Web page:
Knob: Solo Volume
    Switch: Power

Teischord D  


List price: $499

Teischord E1

This looks like it's from a different line, possibly earlier than most of the others shown here.  It's got paddle-type switches instead of tabs, and looks more related to the Ideal/Noble "Porto" organs than anything else here.

Controls: (best guess, based also on the "S", below)

Teischord G


The keyboard is divided into three sections, Bass, Accompaniment, and Solo, and a set of voices for each (but it's not that simple!).  The Bass section is the first octave (reverse-color keys), and the Accompaniment section comprises the bass octave plus the next octave up.  The Function switch selects which sections play which voices.  In the Solo position, the entire keyboard plays the Solo voices only.  In the Acc./Solo position, the top three octaves play the Solo voices, and the bottom two octaves (Acc. section) play the Acc. voices.  In the Bass/Solo position, the top four octaves play the Solo voices, and the bottom octave (Bass sectin) plays the Bass voices.

In all the Teischords I've seen, the second octave is normal color keys, but in all the Nomads (see below) it's Grey/White keys.

List price: $599

Teischord GS

Looks more like the CS than the others. The grey keys appear to be a different section, called "accompaniment" rather than a bass-section extension.


Teischord S

Looks like an upgrade from the "E1" above - all the same feature, but with Reverb and Sustain.  The top panel identifies it as "Teischord S", but the metal ID plate, says "Model E1 204".  Looks like another bit of confusion like with the A1/C1 above.


Nomad/Cretone 49B

While not an obvious twin to any of the Teischords listed here, it seems to have the same complement of controls found on the Teischord A/C models, but with the styling of the model D/G, like the Nomad 61 (below).  


1968 List Price: $425

The 49B also existed as a Cretone.  Thanks to Matthew for the pictures (fancy chrome pedestal stand is not original):

Nomad 61

A Twin to the Teischord G, the only differences are the absence of the Tuning knob, and the Accompaniment section (2nd octave) has Grey/White keys to distinguish it from the normal-colored Solo section.  What a great idea!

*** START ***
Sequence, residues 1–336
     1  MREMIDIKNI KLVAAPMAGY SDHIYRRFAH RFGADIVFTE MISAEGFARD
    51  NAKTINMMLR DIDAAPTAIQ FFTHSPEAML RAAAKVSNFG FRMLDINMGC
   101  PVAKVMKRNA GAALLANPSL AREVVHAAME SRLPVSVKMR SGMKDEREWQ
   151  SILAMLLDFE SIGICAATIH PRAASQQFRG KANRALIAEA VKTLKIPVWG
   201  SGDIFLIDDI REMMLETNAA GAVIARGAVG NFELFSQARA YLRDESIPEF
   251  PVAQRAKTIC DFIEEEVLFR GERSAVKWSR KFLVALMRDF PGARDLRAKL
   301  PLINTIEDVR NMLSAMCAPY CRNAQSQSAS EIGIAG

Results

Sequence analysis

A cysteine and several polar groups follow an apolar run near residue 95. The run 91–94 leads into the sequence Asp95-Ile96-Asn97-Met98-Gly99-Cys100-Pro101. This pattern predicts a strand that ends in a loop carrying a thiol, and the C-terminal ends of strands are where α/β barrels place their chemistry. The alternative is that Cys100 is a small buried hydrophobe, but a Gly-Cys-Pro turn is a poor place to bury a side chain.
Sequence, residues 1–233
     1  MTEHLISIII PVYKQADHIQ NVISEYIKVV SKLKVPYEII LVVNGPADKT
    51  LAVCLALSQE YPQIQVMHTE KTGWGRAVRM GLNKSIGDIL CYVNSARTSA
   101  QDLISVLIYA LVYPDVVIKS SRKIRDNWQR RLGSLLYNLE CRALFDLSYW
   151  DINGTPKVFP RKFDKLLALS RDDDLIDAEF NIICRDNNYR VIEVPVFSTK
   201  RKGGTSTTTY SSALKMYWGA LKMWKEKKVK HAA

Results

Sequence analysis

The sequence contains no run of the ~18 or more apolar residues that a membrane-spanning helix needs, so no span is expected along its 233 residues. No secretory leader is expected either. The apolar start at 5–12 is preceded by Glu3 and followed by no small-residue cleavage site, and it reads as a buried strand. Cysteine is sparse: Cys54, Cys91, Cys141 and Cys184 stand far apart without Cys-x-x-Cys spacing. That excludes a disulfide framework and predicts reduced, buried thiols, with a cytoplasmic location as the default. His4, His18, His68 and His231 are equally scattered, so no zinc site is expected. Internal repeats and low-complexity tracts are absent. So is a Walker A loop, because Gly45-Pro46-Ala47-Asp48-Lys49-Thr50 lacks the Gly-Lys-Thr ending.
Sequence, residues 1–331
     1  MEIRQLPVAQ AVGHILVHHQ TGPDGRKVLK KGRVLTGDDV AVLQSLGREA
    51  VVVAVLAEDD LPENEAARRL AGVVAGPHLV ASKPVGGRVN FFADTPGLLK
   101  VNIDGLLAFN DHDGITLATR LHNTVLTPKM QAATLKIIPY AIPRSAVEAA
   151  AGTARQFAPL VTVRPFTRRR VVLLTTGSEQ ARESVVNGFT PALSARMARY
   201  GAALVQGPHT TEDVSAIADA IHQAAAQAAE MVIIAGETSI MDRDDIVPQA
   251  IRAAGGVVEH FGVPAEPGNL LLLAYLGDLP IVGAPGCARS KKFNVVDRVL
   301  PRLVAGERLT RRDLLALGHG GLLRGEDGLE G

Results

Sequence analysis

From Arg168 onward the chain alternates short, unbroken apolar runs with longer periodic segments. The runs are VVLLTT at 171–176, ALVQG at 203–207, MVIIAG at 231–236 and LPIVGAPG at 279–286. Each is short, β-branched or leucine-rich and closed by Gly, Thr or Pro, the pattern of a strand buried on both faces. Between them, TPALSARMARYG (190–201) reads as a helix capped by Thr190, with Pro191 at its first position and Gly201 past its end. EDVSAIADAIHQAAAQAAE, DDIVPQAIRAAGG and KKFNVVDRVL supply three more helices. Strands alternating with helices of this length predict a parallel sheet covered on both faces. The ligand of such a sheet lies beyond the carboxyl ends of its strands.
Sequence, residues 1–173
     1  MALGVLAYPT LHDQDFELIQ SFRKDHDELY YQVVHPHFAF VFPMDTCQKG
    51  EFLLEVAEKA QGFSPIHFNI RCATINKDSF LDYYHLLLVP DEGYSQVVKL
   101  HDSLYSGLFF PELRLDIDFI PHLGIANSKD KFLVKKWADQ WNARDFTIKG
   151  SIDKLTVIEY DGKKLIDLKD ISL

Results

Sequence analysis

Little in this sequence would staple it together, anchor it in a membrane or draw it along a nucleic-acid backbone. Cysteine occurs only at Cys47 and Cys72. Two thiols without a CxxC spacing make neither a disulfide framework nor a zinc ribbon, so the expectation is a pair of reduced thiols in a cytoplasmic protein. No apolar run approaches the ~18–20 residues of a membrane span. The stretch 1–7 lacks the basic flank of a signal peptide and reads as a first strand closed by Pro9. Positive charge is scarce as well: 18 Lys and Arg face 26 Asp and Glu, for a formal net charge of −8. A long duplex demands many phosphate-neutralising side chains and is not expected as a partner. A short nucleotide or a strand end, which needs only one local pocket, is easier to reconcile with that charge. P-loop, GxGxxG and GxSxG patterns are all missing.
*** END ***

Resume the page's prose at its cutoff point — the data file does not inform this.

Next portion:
1968 List Price: $579

Nomad Vagabond

Four octaves of normal colored keys, one octave of reverse-colored keys which can be switched between bass and treble. Black bottom/grey top like the Teischord B and C. Red and white tabs.

1968 List Price: $479

Nomad Dual

Aha!  Found one!  Many thanks to Brian for the excellent photos of his newly-acquired Nomad Dual.  This thing looks so much like a Farfisa Compact Duo it's creepy.  Note the style of the cabinet, the legs, the pedalboard, even the name in raised lettering to the right of the lower keyboard.  But that aluminum control panel is pure Nomad/Teisco.  And check out those percussion "keys" - weird, huh?  I've included a picture of the Compact Duo for comparison

Nomad Dual Farfisa Compact Duo

Oh, and also like the Farfisa's (but unlike the Duo), the Dual was available in Red, too.  Check this out:

This picture is from Tarquin Studios, where it's but one in an arsenal of vintage keyboards.  Why not record your next surf tune there - tell 'em "Rodak" sent you (to which they'll reply: "huh?").

So Barry Carson's original description of the Dual, while very strange, turns out to be right on the money:

"It looks... almost just like a Farfisa Duo - it is pretty uncanny. It featured fuzz, reverb, sustain, percussion, and cost $700.00 including the pedalboard and 'power pack' (like the Farfisa Duo preamp?). But wait, here's the best part .... It has an octave of reverse colored notes in the top keyboard, but they are evidently not part of the keyboard (the ad says 'two matched keyboards of 49 keys each', and these would make it 61). 61 sort of... This is really the best part. This black octave appears to have only 4 flats! There is no B flat key. There is a D and E flat and a G and A flat but no B flat. There does seem to be a B natural though. Weird, eh?"

One difference, though, is that the Dual does not have the F-AR type power pack (at least Brians' doesn't)

Here's a pasted-together picture of the tabs/knobs:

... and those weird percussion "keys":

And if you still think this thing might be a Farfisa, check out the insides:

(Picture courtesy of VintageVibe)

That ain't no Farfisa!  Note the wooden generator board "cage" on the right - pure Teisco if I ever saw one!


The Vibrato speed and depth are fixed (like a Vox).  The Percussion sounds can be played in real-time by pressing the appropriate "keys" - no cheesy rhythm section here, just the cheesy rhythm sounds!  The Fuzz only works on the bass section (at least, on Brian's it does).  The Tremolo is free-running, not re-triggering with every keypress (like the Repeat on a Gibson G101), and it's located after the Reverb circuit, so releasing keys with Tremolo and Reverb running produces a cool pulsating, fading away effect.

It includes a regular output jack and one for bass-only, just like a Compact Duo, and there's a hard-wired cable with a DIN plug on the end for the expression pedal, also just like a Compact Duo.  Unlike the Duo, however, it's wired to require the volume pedal for full output.  Happily, though, the designers thoughtfully included a bypass switch that eliminates this requirement, and routes the full signal to the output jack in the absence of a volume pedal.